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How small businesses can test the waters in a new market

Dany Rastelli, Head of Communications at international PEO company Elements Global Services

According to a recent survey from Santander, the majority of British companies are confident that they will expand their business over the next three years. For many, that’ll include plans for testing the waters abroad, if they haven’t already. Some external factors must be considered, including geo-political uncertainty, Brexit and the increased competition that comes as a natural part of globalisation. However, if aspiring businesses do their research and follow some tried and tested steps, it’s entirely possible for them to launch into new markets.

Here are a few points of advice.

Clarify your objectives and plan ahead

Initially, it’s important to define your objectives – are you looking to simply test the waters with a new product by deploying a small sales team overseas, or are you looking to establish a permanent presence in a region? It’s particularly important to decide on this because it informs the next set of questions. Are you hiring people abroad, or sending people from your existing team? Depending on who you need there, is it practical to send key decision makers abroad?

Once you determine what your intentions are and who you need on the ground, you can start working on a timeline. You will need to factor in how long it will take the staff that you might be sending to the region to get up and running, or how long it might take to recruit new people, as well as setting up the infrastructure you need to actually run your business abroad.

Once you’ve worked out your needs and your timeline, the next stage is to look at ways of minimising the potential costs and risks.

Understand the potential costs and risks involved

Just as there are myriad unexpected costs when initially setting up a business, there are many hidden costs involved in setting up a business abroad. Once you start the process, you’ll find that a lot of the costs are to do with employee management, payroll and HR.

As an employer, you are obligated to meet certain statutory requirements, and these will inevitably vary from country to country. These include localised and translated employment agreements, pension enrolments, housing allowances, payroll tax requirements, healthcare, benefits, and much more.

For example, when you hire a workforce in Germany, you are required by law to contribute towards health insurance, while in China, the employer is obliged to pay towards housing and social care programmes. Some companies try to dodge these issues by employing foreign workers or contractors whilst paying them from their UK headquarters. This is not the correct legal route – if you fail to register a local business entity or to comply with local legislation, you can be in breach of both employment and tax law.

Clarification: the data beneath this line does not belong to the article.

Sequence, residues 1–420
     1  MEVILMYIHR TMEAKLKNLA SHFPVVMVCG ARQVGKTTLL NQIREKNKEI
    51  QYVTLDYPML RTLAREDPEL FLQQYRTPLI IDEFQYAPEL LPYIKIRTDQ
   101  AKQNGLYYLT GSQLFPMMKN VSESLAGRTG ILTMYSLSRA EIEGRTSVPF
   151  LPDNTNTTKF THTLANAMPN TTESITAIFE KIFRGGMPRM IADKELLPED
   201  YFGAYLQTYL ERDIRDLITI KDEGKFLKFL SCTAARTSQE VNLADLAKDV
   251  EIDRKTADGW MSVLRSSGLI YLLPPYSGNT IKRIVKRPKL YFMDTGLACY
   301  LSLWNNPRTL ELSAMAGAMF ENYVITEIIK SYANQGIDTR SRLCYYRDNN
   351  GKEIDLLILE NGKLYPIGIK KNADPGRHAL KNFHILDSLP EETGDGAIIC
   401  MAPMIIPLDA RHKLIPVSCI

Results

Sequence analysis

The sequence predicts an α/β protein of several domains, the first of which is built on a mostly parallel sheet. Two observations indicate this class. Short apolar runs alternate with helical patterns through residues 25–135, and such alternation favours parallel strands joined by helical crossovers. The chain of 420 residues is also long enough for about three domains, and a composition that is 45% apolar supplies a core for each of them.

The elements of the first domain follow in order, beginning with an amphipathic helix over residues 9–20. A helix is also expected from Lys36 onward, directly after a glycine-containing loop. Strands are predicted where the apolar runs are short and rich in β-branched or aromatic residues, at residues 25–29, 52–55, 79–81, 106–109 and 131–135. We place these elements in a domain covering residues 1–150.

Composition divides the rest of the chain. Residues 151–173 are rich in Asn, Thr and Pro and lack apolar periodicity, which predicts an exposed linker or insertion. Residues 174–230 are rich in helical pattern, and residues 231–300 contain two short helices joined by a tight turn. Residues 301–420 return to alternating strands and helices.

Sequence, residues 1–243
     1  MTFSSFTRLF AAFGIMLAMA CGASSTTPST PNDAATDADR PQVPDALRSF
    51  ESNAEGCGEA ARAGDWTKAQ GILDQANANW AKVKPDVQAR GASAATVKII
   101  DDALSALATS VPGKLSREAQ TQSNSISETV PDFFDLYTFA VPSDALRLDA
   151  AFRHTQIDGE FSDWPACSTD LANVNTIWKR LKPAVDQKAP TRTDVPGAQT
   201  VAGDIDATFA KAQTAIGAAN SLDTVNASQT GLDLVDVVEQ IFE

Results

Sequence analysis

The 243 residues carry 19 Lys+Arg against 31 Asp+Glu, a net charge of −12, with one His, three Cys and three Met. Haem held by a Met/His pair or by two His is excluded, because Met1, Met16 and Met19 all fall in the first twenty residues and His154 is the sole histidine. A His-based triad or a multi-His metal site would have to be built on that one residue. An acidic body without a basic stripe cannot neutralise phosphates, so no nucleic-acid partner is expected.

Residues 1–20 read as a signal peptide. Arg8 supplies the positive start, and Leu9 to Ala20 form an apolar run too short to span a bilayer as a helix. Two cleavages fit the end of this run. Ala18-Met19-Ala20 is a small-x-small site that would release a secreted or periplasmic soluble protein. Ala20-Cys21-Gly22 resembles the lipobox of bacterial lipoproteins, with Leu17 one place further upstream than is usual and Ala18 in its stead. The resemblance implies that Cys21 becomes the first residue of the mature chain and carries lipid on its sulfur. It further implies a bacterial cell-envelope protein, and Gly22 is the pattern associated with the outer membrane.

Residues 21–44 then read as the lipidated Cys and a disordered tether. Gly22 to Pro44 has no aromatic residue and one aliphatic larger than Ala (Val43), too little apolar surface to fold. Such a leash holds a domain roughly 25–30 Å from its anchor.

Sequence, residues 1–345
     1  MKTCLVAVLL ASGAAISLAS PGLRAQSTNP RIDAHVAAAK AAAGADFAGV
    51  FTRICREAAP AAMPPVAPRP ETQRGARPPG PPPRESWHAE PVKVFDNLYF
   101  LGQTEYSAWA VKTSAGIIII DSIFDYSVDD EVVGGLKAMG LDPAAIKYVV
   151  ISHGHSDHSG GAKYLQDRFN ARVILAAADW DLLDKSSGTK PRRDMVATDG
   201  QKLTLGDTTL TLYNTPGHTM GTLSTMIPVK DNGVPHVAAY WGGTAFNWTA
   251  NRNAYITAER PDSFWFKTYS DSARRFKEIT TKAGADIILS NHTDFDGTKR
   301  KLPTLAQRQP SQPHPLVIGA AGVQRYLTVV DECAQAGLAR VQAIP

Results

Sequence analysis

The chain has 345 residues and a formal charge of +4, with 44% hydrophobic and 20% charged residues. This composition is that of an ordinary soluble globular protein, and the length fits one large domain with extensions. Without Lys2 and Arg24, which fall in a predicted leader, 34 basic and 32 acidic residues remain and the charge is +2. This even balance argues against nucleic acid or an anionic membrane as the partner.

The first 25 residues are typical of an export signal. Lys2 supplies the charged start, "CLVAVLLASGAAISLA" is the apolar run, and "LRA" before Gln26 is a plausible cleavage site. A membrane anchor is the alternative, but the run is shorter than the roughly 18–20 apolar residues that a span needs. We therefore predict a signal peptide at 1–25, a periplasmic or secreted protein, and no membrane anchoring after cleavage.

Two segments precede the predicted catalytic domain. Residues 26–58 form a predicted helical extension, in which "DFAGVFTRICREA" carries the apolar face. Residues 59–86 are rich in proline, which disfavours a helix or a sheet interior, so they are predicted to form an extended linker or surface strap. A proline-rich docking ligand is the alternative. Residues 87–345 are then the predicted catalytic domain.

Getting familiar with these different laws and then making sure that you can abide by them takes up a lot of resources, in terms of your time and money. This is when working with experts on the ground can significantly improve and speed up the process.

Work with experts to navigate the process

Many business expansion plans fail because there are not enough preparations made to deal with these HR challenges. It can be difficult to hire people who specialise in HR and employment issues in specific regions, and smaller businesses don’t tend to have this kind of expertise readily available in-house.

One way to help combat these problems is to utilise an employer of record (EOR), a third-party service provider that deals with all tasks associated with managing employees abroad. The EOR acts as the legal employer for your international workers, ensuring compliance at a fraction of the cost of going it alone. Typically, the EOR will handle employee benefits and compensation, visa processing, payroll, and any other HR needs in accordance with a region’s specific rules and requirements. Meanwhile, the business can retain full autonomy over its strategic direction – all without having to set up a registered entity.

Working with an EOR can greatly reduce the time it takes to set up in a new market, enabling businesses to onboard, manage and pay employees in a timely and cost-effective way.

Measure success and use results to develop a long-term strategy

Too many businesses attempt to expand abroad without undertaking the right preparation and end up failing. This can put them off the idea again for several years, which is a pity, as many businesses are unable to tackle HR processes on their own and equally as many succeed when partnering with experts who help them through the process.

For those that do fail initially, it’s important to review what worked well, and what didn’t. By doing this, you can see if the problems that arose were specific to that region, or whether they are wider issues that need to be addressed if you look to set up elsewhere.

Getting overseas expansion right the first time can be hugely beneficial, giving your business the confidence to replicate the process elsewhere. By working with experts to help you meet complex HR requirements, you can save your business time, money and legal hassle – and explore new parts of the world for your business to succeed in.